In an interesting stunt to test copyright enforcement policies on the Net, Brit Christian Ahlert uploaded sections of John Stuart Mill's classic defense of freedom of the press in On Liberty to the Web. In one case, he used an English ISP and in the other, an American one. The Mill material is in the public domain under both British and US law. He then sent the ISPs letters of complaint from a fake group called the John Stuart Mill Heritage Foundation.
Ahlert reports that the US ISP responded with detailed questions, "but the UK ISP took the site down almost immediately, effectively censoring legal content without investigation." In a provocative--though not necessarily completely convincing--conclusion, he writes:
ISPs are acting as judge, jury and private investigator at the same time. They not only have to make a judgement whether a website is illegal or not - they also have to act as a private detective agency, investigating the accusations and deciding on the merits of the evidence they gather. Nevertheless, when an ISP removes content it invokes the cyber equivalent to the death sentence. When an ISP acts it can effectively destroy a business or censor a political campaign, by making access to that website impossible.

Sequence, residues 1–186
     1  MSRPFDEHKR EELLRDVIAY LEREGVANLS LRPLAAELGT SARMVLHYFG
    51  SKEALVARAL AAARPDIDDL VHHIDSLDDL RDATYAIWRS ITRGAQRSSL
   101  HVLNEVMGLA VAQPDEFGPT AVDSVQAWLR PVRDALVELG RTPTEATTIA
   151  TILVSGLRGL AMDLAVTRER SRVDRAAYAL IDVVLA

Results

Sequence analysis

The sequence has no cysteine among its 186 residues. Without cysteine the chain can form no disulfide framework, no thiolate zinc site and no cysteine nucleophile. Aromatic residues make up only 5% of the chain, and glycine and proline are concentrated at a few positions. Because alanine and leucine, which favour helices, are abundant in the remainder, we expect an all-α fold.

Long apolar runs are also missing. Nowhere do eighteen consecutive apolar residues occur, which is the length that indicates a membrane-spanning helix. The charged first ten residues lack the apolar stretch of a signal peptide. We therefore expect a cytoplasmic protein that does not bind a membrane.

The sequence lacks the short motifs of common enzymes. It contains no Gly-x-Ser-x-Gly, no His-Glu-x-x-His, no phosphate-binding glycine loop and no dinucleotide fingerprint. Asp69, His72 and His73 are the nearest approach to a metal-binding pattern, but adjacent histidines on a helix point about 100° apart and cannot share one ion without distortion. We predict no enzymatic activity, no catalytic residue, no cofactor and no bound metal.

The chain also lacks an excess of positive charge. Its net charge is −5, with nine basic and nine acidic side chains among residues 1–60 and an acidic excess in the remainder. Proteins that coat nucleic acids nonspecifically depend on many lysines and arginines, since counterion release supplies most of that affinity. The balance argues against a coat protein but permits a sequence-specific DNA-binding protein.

Ahlert's implied suggestion--have official public bodies do all the policing--isn't a particularly strong remedy to jumpy ISPs. But he raises interesting questions about how chilling effects come into play. He also usefully links to the Electronic Frontier Foundation's Chilling Effects site.
Ahlert's piece, which appears on the always interesting site Spiked, is online here.